Significant damage in Bethel Acres, Oklahoma. Image Credit: News9.com

Significant damage in Bethel Acres, Oklahoma. Image Credit: News9.com

About this upcoming video, posted by Brandon Sullivan:

Brett Wright and myself documented multiple strong to violent tornadoes today across central Oklahoma. The first shot is approx 2 miles west of Shawnee, OK.. This was some of the most violent motion we have ever witnessed and you can hear the roaring motion as the tornado tears across the land.. This tornado then went on to cause significant damage in Shawnee, Oklahoma.. The second clip is from approximately 4 miles west of Shawnee, Oklahoma and is a powerful multi vortex/wedge tornado…. The third and fourth clips are from near Luther, Oklahoma.. This storm produced the tornado near Edmond, OK earlier in the day.. The final clip is the cone tornado near Edmond, OK earlier in the event. Our thoughts are with everyone impacted.. It is always a humbling experience to see these violent creatures.

Jeff and Carmen Tyler shot the large tornado in the video below just before 5 p.m. CDT just northeast of Oklahoma City, Oklahoma:

From Reed Timmer:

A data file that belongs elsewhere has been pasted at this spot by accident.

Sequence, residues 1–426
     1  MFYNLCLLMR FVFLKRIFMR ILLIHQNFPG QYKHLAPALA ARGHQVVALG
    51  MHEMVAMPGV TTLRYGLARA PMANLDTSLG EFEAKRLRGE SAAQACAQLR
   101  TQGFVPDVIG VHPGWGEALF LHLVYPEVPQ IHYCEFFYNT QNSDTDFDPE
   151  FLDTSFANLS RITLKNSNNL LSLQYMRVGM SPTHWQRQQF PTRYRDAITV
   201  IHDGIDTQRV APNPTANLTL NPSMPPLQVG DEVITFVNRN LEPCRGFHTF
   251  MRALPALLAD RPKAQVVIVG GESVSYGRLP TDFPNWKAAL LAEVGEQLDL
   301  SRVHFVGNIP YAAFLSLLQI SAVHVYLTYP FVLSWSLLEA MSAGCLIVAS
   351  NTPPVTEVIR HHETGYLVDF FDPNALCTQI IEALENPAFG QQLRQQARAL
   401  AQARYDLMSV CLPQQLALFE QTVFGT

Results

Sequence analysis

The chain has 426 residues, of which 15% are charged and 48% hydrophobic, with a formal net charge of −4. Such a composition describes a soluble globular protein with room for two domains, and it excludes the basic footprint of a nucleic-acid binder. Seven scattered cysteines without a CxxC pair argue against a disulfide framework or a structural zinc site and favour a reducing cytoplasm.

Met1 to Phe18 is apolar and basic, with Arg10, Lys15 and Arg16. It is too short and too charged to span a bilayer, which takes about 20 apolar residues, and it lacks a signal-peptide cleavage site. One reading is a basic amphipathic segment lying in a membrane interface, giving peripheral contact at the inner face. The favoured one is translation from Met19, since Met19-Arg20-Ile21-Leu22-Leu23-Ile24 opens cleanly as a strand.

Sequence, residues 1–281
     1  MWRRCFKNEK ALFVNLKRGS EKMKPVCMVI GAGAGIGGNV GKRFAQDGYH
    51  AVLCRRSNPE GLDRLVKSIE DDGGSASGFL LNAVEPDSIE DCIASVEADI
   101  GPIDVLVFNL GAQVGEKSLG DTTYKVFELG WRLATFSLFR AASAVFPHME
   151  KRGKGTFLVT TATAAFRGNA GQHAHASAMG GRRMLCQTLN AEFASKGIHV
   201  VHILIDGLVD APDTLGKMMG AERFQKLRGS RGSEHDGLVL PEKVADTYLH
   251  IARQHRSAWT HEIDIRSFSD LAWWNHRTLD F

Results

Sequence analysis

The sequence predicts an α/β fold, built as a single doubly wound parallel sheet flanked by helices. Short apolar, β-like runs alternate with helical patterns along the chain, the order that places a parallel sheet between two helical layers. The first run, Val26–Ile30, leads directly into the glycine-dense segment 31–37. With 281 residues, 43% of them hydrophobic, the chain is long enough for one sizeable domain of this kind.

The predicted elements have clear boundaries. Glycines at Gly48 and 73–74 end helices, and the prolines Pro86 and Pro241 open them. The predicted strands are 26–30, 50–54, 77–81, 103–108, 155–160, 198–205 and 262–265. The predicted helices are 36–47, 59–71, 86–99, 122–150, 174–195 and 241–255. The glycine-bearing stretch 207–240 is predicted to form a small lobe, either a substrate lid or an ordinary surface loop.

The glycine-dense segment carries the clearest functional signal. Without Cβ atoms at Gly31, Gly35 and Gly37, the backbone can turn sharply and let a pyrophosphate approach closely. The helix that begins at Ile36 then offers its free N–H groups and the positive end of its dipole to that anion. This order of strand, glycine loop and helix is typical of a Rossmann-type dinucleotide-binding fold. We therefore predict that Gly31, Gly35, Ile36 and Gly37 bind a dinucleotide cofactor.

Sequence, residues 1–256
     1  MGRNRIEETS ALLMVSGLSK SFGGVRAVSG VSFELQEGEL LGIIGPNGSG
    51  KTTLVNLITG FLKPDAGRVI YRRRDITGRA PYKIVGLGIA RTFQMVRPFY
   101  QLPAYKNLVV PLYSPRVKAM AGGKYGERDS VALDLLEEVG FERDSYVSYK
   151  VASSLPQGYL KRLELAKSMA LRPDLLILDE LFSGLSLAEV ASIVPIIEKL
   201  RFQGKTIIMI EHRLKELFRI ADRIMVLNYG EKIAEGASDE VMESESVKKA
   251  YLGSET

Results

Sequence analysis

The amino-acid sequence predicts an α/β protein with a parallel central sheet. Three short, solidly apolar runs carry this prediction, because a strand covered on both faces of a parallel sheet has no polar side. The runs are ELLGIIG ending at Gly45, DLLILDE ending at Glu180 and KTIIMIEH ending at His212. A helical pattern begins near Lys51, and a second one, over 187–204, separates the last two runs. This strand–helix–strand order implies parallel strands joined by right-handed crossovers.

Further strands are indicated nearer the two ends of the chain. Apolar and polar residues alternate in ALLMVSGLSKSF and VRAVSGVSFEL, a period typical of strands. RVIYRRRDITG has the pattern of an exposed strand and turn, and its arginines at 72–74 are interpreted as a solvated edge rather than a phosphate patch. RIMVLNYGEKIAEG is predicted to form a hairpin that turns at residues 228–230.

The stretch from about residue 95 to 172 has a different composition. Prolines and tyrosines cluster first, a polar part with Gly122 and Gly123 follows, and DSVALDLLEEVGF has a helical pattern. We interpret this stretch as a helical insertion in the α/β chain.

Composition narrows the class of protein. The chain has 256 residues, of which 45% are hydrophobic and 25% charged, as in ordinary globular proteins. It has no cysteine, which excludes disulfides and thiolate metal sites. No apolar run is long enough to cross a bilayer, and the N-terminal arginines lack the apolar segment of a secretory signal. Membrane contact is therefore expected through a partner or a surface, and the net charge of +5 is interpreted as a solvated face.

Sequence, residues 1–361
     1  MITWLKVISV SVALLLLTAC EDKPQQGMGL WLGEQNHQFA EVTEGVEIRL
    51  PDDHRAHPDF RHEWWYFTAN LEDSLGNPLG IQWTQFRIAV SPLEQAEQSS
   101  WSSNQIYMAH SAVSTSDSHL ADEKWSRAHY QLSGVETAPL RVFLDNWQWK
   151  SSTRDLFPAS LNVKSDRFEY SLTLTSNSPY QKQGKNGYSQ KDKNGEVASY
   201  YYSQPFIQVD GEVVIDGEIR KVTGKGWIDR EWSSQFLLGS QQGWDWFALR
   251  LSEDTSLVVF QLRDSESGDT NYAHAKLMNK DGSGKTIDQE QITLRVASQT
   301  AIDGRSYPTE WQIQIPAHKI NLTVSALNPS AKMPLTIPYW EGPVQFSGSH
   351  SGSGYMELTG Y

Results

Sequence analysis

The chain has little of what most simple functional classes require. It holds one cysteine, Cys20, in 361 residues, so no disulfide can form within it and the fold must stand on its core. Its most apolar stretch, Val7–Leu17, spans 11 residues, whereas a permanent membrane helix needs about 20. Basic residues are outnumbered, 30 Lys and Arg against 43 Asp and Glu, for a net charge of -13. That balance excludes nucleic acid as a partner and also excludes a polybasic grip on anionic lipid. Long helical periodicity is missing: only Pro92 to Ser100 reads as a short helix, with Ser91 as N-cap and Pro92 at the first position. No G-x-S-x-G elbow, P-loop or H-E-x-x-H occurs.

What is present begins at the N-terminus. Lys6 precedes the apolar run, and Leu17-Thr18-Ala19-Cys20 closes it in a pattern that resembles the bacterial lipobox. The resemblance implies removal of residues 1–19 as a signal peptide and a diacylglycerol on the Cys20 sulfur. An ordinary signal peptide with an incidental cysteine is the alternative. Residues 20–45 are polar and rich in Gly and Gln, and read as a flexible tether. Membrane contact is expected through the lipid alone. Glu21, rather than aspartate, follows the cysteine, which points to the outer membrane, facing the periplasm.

This tornado was one of the strongest ever intercepted … I have never felt vibration like that before as we were slammed by suction vortices wrapping all around the vehicle.

Storm Prediction Center has issued another moderate risk for severe storms across Oklahoma, southwest Missouri, northwest Arkansas, and parts of northeast Texas.

Storm Prediction Center has issued another moderate risk for severe storms across Oklahoma, southwest Missouri, northwest Arkansas, and parts of northeast Texas.

This weekend’s severe weather was not the last of it. More severe weather is expected today across the U.S. Central Plains and will be pushing eastward near the Midwest. The Storm Prediction Center has issued another moderate risk for severe storms across Oklahoma, southwest Missouri, northwest Arkansas, and parts of northeast Texas. Winds over 60 mph, large hail, and strong tornadoes are all possible in the moderate risk areas. The activity will likely begin once again in the late afternoon and evening hours as these places warm up and the atmosphere becomes very unstable. Be weather ready, and avoid driving on the roads when the storms begin to fire up.

Bottom line: Severe weather developed across the central United States this weekend (May 18-19, 2013), producing damaging winds, large hail, and tornadoes. Some of the tornadoes that developed were extremely large, and a large tornado struck Shawnee, Oklahoma and devastated the area. It is unclear at this time as to how many homes were destroyed. Severe weather threat continues Monday and Tuesday across the central and eastern United States. Be weather prepared if you are in a risk area for severe weather (Oklahoma, southwest Missouri, northwest Arkansas, and parts of northeast Texas).